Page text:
(g)  The Attorney General shall, within 90 days of the date of this memorandum, issue a report to the President on issues related to fugitives from American justice living in Cuba or being harbored by the Cuban government.
      (h)  The Secretary of State and the Administrator of the United States Agency for International Development shall review all democracy development programs of the Federal Government in Cuba to ensure that they align with the criteria set forth in section 109(a) of the LIBERTAD Act.
      (i)  The Secretary of State shall convene a task force, composed of relevant departments and agencies, including the Office of Cuba Broadcasting, and appropriate non-governmental organizations and private-sector entities, to examine the technological challenges and opportunities for expanding internet access in Cuba, including through Federal Government support of programs and activities that encourage freedom of expression through independent media and internet freedom so that the Cuban people can enjoy the free and unregulated flow of information.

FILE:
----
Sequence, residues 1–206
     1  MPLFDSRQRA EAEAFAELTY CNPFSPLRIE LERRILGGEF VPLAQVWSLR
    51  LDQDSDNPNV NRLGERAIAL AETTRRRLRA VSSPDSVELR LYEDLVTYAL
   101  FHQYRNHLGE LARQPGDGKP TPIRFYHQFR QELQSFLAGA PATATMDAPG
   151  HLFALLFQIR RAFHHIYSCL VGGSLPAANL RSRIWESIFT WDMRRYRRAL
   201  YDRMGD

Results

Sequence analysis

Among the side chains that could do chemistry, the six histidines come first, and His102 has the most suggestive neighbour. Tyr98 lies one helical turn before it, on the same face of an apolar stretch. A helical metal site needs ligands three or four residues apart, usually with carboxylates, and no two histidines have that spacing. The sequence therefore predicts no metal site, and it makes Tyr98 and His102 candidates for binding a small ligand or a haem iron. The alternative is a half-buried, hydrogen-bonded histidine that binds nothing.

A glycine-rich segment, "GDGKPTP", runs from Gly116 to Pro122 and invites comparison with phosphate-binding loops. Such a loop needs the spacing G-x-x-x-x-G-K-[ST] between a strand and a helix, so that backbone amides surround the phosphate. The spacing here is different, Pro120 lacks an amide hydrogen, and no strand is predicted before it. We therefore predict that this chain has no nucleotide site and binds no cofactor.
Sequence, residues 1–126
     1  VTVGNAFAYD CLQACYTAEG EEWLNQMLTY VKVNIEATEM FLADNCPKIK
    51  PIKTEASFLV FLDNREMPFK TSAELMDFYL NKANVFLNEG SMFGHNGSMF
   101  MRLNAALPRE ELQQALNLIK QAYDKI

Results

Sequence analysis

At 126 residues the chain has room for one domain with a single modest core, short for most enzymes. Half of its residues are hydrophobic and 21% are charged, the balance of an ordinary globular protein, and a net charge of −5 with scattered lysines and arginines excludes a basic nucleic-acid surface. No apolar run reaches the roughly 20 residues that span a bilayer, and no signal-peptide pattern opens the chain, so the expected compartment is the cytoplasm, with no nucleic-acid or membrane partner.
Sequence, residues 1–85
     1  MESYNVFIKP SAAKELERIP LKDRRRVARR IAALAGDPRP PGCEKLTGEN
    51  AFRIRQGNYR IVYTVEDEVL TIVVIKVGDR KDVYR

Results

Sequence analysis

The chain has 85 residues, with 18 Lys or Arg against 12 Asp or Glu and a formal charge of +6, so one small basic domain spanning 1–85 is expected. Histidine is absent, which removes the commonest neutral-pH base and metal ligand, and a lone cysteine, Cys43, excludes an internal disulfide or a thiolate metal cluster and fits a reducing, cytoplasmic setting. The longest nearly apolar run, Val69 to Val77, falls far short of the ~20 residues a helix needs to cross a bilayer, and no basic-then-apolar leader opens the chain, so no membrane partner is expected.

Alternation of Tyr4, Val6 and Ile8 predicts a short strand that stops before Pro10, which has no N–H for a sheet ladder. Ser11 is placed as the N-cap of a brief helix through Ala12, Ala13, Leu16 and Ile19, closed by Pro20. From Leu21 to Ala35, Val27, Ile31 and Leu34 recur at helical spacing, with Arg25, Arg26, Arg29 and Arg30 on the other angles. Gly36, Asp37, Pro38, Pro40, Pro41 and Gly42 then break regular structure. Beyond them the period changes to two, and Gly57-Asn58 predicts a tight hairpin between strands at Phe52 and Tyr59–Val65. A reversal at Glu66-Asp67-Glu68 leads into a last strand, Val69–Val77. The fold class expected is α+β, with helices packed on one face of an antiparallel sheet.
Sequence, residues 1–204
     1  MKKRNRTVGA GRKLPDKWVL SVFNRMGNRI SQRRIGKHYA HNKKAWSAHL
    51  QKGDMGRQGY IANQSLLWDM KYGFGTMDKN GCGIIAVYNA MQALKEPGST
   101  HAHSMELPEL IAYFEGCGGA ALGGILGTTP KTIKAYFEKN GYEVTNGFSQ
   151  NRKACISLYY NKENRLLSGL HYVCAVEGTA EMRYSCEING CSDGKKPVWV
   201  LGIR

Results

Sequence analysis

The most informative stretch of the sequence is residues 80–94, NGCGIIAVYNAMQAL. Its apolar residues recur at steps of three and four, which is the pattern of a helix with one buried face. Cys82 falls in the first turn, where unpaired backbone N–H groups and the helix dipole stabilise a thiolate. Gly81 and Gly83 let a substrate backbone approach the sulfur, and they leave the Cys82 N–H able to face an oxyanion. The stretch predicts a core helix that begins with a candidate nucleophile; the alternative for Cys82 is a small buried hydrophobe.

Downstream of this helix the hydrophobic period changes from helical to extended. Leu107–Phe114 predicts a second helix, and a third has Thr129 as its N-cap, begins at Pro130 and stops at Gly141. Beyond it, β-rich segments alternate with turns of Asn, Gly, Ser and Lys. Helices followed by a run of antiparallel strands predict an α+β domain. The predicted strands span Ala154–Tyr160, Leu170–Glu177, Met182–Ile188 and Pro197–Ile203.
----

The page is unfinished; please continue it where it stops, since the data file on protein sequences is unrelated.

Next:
(j)  The Secretary of State and the Secretary of Homeland Security shall continue to discourage dangerous, unlawful migration that puts Cuban and American lives at risk.  The Secretary of Defense shall continue to provide support, as necessary, to the Department of State and the Department of Homeland Security in carrying out the duties regarding interdiction of migrants.
      (k)  The Secretary of State, in coordination with the Secretary of the Treasury, the Secretary of Defense, the Attorney General, the Secretary of Commerce, and the Secretary of Homeland Security, shall annually report to the President regarding the engagement of the United States with Cuba to ensure that engagement is advancing the interests of the United States.